Thus, some individual organizations will “tip”, and when enough “tip” the whole education system will “tip”. In my opinion, 2016 saw an increase in organizations that are tipping or are close to tipping. The numbers are still small, but they are growing.
The Lightboard is poised to make online tutorials very easy to create, and thus will increase the momentum of online resources to support independent student learning in 2017. As lightboard pioneer Michael Peshkin says “The Lightboard is a glass chalkboard pumped full of light. It’s for recording video lecture topics. You face toward your viewers, and your writing glows in front of you.” The teacher writes normally (not backwards).
Peter West is the director of eLearning at Saint Stephen’s College.
A Year for Confidence and Employability Skills
By Michael Hansen, Cengage Learning
Confidence in the classroom is directly correlated to success in the “real world.” We must welcome and encourage a growing emphasis on learning experiences that improve critical thinking, self-awareness and persistence. Social and emotional skills are just as important as cognitive skills when it comes to employability. Confidence gives students the momentum they need to achieve their education and life goals.
Michael Hansen is the CEO at Cengage Learning.
A Major Increase in Parent-Teacher Communication
By Chaks Appalabattula, Bloomz
With modern-day parents demanding more communication, in 2017, I believe we will see more schools make parental engagement a priority, since research demonstrates it has a direct impact on student performance.
Teachers are busier than ever in today’s schools. They are expected to create and differentiate lessons, track improvements, explore new technology options for their classrooms, engage parents, and more. When creating the Bloomz app, we designed it to fill the need for teachers to have one app to manage all their classroom tasks, including scheduling parent-teacher conferences, tracking behavior, and sharing photos and videos with parents. I predict that fewer teachers are going to be falling into the “one app for each task” trap, since it adds burden to parents as well, and more will look to consolidate the different communication, coordination, and classroom management tasks into one time-and-energy-saving app.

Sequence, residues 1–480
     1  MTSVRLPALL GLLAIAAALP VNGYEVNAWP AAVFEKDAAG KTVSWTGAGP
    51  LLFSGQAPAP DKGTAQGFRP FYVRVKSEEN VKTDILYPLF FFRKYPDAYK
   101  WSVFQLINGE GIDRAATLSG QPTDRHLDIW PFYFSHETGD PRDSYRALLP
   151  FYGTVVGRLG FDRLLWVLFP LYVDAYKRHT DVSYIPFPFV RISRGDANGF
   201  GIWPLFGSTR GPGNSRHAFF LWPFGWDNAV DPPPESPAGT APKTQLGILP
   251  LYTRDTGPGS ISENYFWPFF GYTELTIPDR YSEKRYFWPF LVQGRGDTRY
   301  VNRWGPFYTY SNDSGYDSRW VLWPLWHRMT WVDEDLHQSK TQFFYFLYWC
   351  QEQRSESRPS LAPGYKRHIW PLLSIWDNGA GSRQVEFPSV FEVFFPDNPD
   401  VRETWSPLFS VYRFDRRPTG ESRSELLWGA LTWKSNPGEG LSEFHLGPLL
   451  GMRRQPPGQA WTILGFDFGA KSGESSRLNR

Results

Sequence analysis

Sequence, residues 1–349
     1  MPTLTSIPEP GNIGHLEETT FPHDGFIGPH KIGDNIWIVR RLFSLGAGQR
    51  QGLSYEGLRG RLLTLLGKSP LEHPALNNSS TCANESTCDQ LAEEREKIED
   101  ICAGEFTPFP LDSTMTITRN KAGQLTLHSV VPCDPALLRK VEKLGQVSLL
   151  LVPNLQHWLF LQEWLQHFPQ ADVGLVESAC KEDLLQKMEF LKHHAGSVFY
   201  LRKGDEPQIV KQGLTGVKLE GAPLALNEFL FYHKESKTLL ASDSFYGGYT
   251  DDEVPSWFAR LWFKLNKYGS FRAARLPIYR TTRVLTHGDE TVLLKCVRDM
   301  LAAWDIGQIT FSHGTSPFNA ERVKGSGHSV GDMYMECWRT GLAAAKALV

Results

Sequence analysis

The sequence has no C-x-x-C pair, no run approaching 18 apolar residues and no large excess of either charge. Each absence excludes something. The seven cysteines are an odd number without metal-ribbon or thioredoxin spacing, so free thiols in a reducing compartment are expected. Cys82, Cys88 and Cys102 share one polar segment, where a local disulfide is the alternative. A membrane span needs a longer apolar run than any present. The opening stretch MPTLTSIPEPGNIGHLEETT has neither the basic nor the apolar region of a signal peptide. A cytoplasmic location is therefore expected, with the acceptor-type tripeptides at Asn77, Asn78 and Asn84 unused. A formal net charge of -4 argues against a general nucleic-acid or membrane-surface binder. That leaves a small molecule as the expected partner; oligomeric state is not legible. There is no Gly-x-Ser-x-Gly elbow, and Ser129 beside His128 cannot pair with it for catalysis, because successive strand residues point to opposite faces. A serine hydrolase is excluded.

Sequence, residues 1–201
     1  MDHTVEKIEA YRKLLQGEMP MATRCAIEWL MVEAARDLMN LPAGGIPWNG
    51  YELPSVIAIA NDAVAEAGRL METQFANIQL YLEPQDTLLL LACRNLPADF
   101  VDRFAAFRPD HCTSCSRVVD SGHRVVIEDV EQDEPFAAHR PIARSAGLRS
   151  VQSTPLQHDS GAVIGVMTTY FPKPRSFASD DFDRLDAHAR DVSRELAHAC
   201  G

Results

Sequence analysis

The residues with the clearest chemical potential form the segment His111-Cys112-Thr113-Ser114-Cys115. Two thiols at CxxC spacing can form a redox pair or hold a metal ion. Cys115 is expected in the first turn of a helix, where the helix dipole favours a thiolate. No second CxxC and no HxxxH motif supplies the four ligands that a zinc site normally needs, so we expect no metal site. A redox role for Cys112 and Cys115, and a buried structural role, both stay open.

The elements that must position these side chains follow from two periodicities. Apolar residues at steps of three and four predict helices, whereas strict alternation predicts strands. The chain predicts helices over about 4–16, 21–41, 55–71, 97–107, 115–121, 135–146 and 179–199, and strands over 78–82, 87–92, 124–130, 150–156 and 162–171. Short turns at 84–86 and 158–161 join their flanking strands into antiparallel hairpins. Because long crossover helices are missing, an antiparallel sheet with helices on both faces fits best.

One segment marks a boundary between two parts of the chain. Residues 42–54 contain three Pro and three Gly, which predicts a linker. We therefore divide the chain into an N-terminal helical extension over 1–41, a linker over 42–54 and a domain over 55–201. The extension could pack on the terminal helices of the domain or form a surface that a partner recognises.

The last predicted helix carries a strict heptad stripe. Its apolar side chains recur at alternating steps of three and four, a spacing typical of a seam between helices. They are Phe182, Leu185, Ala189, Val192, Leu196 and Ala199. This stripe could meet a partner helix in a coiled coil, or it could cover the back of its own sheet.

Classroom Audio Systems will be used to Assess Student Learning
By Gregory Firn, RoboKind
How do we ensure that teachers have the tools, skills, knowledge, and experience to “activate” learning for each learner in the most critical time of learning—in the process of constructing meaning, clarifying thinking, or testing a theory? The answer for 2017 will be in utilizing a new breed technology to provide teachers and learners alike with actionable, qualitative data that provides insight into how a learner is learning as they learn. Lightspeed has created technology that leverages auditory data to equip teachers with “in the moment” insights shared by learners as they construct, co-author, contribute, collaborate, and critically apply previous learning to solve problems, envision solutions, or imagine “new” possibilities. Teachers no longer have to wait to interpret lagging, trailing, or after-the-fact indicators of learning as they are empowered and equipped to intervene or influence in the moment.
Gregory Firn is a former deputy superintendent of academics at Grand Prairie ISD in Texas and the current senior vice president of strategic initiatives at RoboKind. Follow him on Twitter @BestofClass.
Educators will Embrace Digital Collaboration
By Dave Blanchard, Cambridge-Isanti Schools
We push our students to collaborate, yet educator’s ideas and practices are often divided according to subject area, department, or school. In 2017, I predict more educators will have this realization and come together to learn from each other, and not reinvent the wheel when trying something new or exploring new options.
For example, the 2015-2016 school year was an incredible year for the launch of BreakoutEDU, an open platform for hosting “breakouts,” or immersive learning games, in the classroom. The activity or lesson incorporates physical and technological components designed around meaningful content, social learning, and strategies that embrace 21st-century skills. I use multiple forms of “ancient technology” including different types of locks, codes, and puzzles, as well as more modern technology like ClassFlow, to deliver specific clues to teams or individuals through an iPad. ClassFlow allows me to share content with students in small groups or individually, and students can “share back” text, polls, and even images.
Through meaningful planning with teachers at my school and educators around the world, I was able to not only run stronger Breakouts within my class, but also train others on this incredible model. Through digital collaboration we were able to support each other’s needs anywhere and at any time, and create a stronger student experience. Too many times we miss opportunities to succeed together, so entering 2017 I will be keeping the topic of quality collaboration on my mind.